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New Medieval Books: Money and Power in the Middle Ages

Five new books about the Middle Ages, ranging from genealogy to minting coins.

A Cultural History of Money in the Medieval Age (A Cultural History of Money, Volume 2)

Edited by Rory Naismith

Bloomsbury Academic
ISBN: 978-1-4742-3710-9

Excerpt: Money is a way into medieval thought and society. It was how economics impinged on daily life. It was one of the closest forms of contact the majority of people would have with their ruler. It was a way for kings to uphold good governance, or drum up extra income. Its making, giving and taking were laden with symbolism. It was, in short, an unavoidable fact of life for everyone, even for monks and hermits who sought to escape its influence.

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The Moral Economy of the Countryside: Anglo-Saxon to Anglo-Norman England

By Rosamond Faith

Cambridge University Press
ISBN: 978-1-108-72006-9

Excerpt: This book results from the author’s attempts to understand a paradox. The smallest social unit throughout the middle ages was a household, those who were fed from a common hearth. Throughout the six hundred years covered by the book, the households of the powerful were fed by the labour of the households of the less powerful, the peasantry. Yet this appropriation of a precious asset, peasant labour, although clear enough, is surprisingly difficult to explain. It did not result from, and was not sustained by, a shortage of the basis of any peasant economy: land.

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The Most Precious Merchandise: The Mediterranean Trade in Black Sea Slaves, 1260-1500

By Hannah Barker

University of Pennsylvania Press
ISBN: 9780812251548

Excerpt: On September 19, 1363, a ten-year-old Tatar boy named Jaqmaq was sold as a slave in the Black Sea port of Tana. His first owner had probably been a Christian, as he had already been baptized with the name Antonio. His second owner was a local Muslim named Aqbugha, the son of Shams al-Din. Aqbugha sold Jaqmaq/Antonio to is third owner, Niccolo Baxeio of the parish of St Patermanus in Venice, for 400 aspers. Niccolo also bought a fifteen-year-old Tatar girl from Aqbugha and a twelve-year-old Tatar boy from another local man. All three children were to be delivered to different people in Venice. Jaqmaq/Antonio was destined for Gabriel Teuri to the parish of St. Severus, who would be his fourth owner.

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Genealogy and the Politics of Representation in the High and Late Middle Ages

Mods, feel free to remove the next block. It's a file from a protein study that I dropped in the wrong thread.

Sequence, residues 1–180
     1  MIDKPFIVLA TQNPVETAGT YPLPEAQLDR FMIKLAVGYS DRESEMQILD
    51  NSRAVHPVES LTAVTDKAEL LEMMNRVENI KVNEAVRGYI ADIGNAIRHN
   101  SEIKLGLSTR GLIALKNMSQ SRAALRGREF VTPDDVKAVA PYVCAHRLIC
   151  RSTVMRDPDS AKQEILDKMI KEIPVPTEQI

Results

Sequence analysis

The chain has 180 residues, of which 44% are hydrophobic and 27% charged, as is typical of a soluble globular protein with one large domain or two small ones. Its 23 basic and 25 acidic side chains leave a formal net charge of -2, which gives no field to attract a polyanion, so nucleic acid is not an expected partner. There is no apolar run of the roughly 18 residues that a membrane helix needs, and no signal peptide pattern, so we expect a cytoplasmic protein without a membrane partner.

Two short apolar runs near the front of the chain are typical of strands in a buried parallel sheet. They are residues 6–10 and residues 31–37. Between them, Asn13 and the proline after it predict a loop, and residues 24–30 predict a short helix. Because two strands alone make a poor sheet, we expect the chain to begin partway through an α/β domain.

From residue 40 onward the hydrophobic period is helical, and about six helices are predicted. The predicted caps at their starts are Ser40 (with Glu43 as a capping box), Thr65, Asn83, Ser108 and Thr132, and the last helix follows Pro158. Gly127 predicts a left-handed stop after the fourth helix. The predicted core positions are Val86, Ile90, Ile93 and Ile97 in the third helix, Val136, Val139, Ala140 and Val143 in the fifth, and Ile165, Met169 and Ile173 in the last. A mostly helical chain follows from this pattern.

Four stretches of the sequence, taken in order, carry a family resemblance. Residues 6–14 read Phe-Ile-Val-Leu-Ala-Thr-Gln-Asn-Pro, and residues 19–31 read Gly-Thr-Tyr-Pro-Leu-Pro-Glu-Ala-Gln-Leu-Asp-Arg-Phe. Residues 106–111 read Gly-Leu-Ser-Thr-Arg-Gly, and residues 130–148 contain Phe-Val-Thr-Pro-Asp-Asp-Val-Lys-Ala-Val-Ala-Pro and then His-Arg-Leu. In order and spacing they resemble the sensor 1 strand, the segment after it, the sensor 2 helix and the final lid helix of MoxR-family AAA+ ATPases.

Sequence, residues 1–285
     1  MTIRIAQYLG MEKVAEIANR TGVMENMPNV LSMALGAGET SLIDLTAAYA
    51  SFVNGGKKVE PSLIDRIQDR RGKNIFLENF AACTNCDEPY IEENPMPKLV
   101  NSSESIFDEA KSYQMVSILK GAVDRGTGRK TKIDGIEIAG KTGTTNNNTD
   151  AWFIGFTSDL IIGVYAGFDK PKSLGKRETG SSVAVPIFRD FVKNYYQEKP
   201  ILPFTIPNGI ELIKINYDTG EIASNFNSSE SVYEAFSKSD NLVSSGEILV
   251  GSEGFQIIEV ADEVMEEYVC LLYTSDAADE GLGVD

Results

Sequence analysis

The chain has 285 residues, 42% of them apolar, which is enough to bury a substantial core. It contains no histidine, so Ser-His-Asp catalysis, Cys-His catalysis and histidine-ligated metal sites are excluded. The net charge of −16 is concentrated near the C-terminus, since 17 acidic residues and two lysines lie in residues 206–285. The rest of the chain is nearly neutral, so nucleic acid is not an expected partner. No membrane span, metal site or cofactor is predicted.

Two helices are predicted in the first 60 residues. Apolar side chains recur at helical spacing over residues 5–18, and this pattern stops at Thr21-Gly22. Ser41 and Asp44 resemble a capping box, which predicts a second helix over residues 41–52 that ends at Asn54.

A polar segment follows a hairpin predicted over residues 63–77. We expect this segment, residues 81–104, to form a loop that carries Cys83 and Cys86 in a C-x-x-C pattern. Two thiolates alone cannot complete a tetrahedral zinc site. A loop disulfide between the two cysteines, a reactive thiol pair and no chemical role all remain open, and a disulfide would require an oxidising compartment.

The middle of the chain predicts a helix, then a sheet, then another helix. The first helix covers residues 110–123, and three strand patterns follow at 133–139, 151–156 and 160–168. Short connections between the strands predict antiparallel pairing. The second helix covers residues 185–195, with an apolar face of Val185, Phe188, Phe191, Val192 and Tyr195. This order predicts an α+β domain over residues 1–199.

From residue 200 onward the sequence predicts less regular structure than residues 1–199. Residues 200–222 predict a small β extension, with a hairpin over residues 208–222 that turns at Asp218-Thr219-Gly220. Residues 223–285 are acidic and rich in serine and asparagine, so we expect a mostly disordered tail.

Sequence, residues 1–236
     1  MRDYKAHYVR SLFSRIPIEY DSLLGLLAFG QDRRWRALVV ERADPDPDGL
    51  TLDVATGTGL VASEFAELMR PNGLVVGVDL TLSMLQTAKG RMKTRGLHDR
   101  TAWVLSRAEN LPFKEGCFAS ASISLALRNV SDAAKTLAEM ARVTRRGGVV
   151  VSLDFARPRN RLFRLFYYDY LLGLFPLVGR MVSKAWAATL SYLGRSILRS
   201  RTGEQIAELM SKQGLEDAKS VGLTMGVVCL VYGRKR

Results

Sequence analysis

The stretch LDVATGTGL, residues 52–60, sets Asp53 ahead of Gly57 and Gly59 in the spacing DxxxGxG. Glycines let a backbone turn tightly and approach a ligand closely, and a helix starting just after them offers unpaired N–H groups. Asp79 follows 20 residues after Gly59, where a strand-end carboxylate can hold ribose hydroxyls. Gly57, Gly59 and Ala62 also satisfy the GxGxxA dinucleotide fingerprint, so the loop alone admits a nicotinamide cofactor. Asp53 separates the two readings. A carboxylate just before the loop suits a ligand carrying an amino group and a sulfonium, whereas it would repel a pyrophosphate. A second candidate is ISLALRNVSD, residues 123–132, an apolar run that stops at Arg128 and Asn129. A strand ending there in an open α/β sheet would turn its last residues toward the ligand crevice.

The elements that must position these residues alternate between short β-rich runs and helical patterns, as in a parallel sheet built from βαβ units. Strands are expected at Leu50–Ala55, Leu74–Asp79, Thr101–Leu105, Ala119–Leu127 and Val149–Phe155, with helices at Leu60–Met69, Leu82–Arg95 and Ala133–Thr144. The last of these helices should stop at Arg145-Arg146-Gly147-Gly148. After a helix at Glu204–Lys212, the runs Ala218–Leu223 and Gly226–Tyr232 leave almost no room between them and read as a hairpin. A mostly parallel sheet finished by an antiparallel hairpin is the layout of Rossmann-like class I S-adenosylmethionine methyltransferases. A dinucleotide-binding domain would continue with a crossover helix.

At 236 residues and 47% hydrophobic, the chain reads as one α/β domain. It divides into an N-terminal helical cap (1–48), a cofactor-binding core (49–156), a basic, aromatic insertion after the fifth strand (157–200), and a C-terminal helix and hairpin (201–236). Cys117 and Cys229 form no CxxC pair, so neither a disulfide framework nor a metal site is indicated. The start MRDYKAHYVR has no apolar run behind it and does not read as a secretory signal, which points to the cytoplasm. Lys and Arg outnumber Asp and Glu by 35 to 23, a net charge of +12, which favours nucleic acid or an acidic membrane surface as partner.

By Joan A. Holladay

Cambridge University Press
ISBN: 9781108470186

Excerpt: One of the goals of this book is to show how widespread genealogical imagery was; another is to elucidate a variety of situations in which it functioned. The popularity and flexibility of the genre guaranteed its use not only for the portrayal of families but also for successions of officeholders. For groups in which an office was inherited, family and position coincided over long periods of time. The kings of France or England, for example, descended through multiple generations of a single dynasty before that family, was replaced by another, which ten in turn descended down through multiple generations, if all went well and the requisite heirs were born.

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The Moneyers of England, 973-1086: Labour organisation in Late Anglo-Saxon and Early Anglo-Norman English mints

By Jeremy Piercy

BAR Publishing
ISBN: 978 1 4073 5374 6

Excerpt: This book examines one labourer group with developing urban society in England during the tenth and eleventh centuries in order to address both its status and whether the internal workplace organisation of this group might reflect on the complexity of the Anglo-Saxon ‘state’. In reviewing the minting operation of late Anglo-Saxon England, and the men in charge of those mints a better picture of the social history of pre-Conquest England is realised. These men, the moneyers responsible for producing the king’s coinage, were likely part of thegnly and burgess class and how they organised themselves might reflect broader trends in how those outside of the aristocracy acted in response to royal directives.

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